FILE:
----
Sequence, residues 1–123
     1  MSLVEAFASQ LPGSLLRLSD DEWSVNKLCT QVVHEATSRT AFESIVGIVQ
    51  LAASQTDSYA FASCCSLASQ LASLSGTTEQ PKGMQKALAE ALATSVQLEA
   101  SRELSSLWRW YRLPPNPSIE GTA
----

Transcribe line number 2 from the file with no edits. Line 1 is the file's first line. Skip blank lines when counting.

     1  MSLVEAFASQ LPGSLLRLSD DEWSVNKLCT QVVHEATSRT AFESIVGIVQ